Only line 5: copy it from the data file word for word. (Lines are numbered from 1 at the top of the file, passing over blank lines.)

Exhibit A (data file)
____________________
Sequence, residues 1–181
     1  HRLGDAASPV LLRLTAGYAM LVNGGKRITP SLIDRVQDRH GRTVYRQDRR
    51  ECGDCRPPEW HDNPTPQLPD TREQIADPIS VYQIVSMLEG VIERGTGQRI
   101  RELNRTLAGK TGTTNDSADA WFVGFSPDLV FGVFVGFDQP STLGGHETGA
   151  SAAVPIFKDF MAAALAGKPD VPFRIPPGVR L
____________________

   151  SAAVPIFKDF MAAALAGKPD VPFRIPPGVR L